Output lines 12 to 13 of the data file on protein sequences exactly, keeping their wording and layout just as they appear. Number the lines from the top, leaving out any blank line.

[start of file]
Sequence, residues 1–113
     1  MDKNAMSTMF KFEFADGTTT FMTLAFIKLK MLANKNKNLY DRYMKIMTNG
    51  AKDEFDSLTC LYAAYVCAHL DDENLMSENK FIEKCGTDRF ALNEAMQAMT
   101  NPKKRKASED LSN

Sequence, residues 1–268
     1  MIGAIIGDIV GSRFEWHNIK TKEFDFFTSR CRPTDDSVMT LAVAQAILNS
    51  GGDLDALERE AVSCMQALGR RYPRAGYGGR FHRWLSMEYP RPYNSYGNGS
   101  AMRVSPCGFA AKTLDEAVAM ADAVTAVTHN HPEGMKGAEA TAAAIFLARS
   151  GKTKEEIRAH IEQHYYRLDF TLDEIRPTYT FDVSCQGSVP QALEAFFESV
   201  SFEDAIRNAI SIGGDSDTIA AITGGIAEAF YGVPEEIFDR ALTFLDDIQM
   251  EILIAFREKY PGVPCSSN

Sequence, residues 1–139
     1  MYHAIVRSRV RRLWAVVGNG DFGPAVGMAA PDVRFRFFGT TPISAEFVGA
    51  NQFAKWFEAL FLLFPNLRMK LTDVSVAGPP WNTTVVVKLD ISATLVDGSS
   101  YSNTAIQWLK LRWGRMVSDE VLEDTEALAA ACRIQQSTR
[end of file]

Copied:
Sequence, residues 1–139
     1  MYHAIVRSRV RRLWAVVGNG DFGPAVGMAA PDVRFRFFGT TPISAEFVGA